Recording of sexual offences against children increases by a third

The number of sexual offences against children recorded by police in England and Wales soared by more than a third last year (2013-14).

The figures are revealed today as the NSPCC launches its third state of the nation annual report How Safe Are Our Children? 1at the charity’s annual conference in London.



Nationally, a total of 31,238 offences – 85 a day – including rape, sexual assault and grooming, were reported to police.

The majority of victims were aged 12 to 16, although more than one in four (8,282) were younger than eleven.

Among these were 2,895 aged five and under – including 94 babies.2 I

In 2012-13 there were 22,654 offences against children under -18 recorded by 41 police forces across the UK.

Latest figures from North Yorkshire Police show there has been a slight increase in recorded sex offences against children from 342 in 2012-13 to 393 recorded last year (2013-14).



Nationally it’s not clear why the number of offences has risen so dramatically. Greater awareness may be giving more victims the courage to come forward, including those reporting historical cases, or police forces have improved their recording methods. Last year, the NSPCC helpline received approximately 100 contacts from people across the North Yorkshire police force area about sexual abuse, almost 50 of which were so serious that they were referred on immediately to the police or children’s services.

However, what it does mean, is that more children are speaking out, only to find little support to help them recover from abuse.

Last year the NSPCC helped 2,400 young victims through its therapeutic recovery programmes, including those programmes offered from the charity’s service centre in York, but there are not enough services available across the UK to ensure all children who have experienced abuse get the support they need.

NSPCC Chief Executive Peter Wanless said: 

These figures are disturbing and clearly illustrate child sexual abuse is a continuing and widespread problem that needs urgent action.

But we know this is still only a fraction of the true number of victims because some endure an agonising wait of many years before telling anyone – and others never reveal what has happened to them.

It’s time to throw down the gauntlet to government which has to ensure all sexual abuse victims get specialist treatment to help them recover. By the end of this current Parliament there should be no children living in the shadow of abuse.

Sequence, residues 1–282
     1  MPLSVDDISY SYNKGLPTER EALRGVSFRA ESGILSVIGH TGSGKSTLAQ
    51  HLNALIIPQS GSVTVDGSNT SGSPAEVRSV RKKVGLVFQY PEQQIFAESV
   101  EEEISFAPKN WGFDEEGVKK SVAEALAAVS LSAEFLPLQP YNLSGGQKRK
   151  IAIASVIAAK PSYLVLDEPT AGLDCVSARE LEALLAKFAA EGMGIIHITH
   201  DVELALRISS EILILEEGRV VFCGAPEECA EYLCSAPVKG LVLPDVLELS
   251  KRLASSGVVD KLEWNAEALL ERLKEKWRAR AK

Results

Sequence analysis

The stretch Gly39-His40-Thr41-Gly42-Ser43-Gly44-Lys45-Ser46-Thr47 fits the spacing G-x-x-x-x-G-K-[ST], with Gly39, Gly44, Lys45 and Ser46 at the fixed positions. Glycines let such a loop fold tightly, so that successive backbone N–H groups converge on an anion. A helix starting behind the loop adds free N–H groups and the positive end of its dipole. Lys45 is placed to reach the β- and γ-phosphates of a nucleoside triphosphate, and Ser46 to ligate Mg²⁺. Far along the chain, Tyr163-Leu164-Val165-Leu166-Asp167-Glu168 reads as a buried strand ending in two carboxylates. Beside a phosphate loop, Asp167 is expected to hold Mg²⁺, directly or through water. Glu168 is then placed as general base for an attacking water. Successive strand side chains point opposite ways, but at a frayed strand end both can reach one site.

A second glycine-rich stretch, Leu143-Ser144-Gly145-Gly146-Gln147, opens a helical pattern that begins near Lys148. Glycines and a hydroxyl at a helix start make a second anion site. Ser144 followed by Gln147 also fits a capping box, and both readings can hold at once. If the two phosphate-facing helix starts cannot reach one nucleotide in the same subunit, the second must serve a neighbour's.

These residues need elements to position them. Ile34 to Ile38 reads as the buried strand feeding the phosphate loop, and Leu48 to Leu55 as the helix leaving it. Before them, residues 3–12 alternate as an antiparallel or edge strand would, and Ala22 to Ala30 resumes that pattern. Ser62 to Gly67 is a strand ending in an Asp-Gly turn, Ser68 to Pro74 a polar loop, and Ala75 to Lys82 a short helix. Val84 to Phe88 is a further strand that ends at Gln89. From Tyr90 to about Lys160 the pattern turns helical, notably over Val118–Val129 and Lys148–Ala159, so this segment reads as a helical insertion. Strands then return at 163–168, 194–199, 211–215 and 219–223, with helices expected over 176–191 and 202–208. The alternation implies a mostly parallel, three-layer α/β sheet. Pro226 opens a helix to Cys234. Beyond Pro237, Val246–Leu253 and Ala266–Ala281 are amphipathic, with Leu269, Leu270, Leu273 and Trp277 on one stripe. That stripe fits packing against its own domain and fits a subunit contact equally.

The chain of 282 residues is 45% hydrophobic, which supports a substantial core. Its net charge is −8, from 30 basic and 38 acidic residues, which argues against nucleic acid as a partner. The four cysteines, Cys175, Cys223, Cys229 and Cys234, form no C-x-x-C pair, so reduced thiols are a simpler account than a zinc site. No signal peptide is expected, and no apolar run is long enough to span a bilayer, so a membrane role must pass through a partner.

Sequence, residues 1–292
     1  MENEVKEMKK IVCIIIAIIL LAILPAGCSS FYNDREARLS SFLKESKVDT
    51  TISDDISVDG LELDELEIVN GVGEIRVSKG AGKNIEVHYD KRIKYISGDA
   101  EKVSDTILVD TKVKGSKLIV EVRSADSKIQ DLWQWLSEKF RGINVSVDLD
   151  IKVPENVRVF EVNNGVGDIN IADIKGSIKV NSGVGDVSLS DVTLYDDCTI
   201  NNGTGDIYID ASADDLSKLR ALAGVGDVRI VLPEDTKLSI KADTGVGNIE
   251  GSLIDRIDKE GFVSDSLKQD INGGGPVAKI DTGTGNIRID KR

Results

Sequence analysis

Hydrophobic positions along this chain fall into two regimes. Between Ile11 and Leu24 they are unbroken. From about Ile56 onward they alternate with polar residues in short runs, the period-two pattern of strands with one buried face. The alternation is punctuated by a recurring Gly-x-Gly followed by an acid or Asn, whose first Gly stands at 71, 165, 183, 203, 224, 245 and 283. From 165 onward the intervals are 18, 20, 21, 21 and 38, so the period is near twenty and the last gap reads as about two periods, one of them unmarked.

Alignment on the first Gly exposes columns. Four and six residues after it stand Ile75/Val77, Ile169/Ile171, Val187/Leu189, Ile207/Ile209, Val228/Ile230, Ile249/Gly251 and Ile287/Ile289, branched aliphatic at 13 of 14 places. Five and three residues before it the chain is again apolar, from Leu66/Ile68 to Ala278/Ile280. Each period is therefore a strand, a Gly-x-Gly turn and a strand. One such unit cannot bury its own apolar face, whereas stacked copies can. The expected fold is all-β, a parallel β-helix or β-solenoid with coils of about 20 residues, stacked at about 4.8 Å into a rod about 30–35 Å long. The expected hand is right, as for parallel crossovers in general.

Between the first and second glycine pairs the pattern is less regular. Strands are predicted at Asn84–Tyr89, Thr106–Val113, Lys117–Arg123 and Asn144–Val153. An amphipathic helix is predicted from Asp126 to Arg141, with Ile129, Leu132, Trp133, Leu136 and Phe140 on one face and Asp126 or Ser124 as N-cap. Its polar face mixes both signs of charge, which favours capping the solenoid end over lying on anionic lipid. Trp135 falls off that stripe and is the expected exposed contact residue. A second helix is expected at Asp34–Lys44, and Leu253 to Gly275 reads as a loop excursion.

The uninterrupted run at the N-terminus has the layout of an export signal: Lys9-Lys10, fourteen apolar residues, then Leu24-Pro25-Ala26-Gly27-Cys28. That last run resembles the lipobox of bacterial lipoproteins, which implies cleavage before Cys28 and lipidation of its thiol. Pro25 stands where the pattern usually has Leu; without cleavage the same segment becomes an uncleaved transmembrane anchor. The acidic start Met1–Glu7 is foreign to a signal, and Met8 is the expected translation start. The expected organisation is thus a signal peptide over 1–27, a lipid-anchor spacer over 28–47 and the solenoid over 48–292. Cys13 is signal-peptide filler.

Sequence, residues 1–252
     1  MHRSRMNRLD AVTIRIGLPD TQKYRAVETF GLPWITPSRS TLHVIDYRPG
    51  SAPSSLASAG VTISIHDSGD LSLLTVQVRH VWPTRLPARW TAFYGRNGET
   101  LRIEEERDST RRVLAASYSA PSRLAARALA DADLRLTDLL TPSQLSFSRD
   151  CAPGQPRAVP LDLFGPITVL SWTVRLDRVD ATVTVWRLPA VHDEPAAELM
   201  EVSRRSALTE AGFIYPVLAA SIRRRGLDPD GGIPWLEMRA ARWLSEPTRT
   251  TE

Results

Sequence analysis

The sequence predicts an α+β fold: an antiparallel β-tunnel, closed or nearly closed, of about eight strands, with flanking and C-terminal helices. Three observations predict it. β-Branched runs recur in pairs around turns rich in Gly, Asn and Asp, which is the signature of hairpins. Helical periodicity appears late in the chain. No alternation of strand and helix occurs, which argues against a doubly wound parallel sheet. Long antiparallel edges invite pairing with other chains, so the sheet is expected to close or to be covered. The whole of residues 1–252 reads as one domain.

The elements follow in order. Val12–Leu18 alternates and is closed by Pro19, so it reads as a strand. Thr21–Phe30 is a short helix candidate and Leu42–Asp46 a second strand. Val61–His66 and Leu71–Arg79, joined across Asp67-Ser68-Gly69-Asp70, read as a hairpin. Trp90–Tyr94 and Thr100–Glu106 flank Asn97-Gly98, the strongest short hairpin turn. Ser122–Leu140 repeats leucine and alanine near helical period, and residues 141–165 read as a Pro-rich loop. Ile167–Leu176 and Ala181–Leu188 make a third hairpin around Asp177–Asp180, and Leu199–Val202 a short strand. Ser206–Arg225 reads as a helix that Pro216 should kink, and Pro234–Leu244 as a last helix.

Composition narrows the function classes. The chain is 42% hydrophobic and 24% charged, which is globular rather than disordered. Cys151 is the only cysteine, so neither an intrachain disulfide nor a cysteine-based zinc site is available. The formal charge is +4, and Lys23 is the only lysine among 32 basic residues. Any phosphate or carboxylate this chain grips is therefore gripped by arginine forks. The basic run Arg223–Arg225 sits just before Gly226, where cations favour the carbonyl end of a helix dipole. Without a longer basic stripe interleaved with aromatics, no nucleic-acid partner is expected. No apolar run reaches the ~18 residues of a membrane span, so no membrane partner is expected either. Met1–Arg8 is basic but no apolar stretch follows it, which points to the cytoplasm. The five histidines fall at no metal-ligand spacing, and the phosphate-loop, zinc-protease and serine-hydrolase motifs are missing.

Detective Superintendent Nigel Costello of North Yorkshire Police, said:

The increase in reported child sex offences shows that more people have confidence in the police and are coming forward to report these devastating crimes.

However, we know that child sexual abuse is under-reported and we encourage anyone who has suffered in the past or is suffering now, to report what is happening.

We have officers who are specially trained to investigate these very sensitive investigations and victims should not hesitate to come forward. We work with many other agencies who can provide support to help you deal with what has happened. Even if the offences happened many years ago and it may no longer be possible to take criminal action, you should still report it as you can still get support, advice and counselling that can help you move on with your life.

Children’s safety is of paramount importance and it is everyone’s responsibility to protect them. If you are being abused, have been in the past, or suspect a child is being abused, please do not hesitate to call.

If you don’t want to call the police, you can contact Bridge House, the York and North Yorkshire Sexual Assault Referral Centre where you can access everything under one roof in confidence and with respect and sensitivity. However, if you are in immediate danger, you should always call 999.


Leave a Reply

Your email address will not be published. Required fields are marked *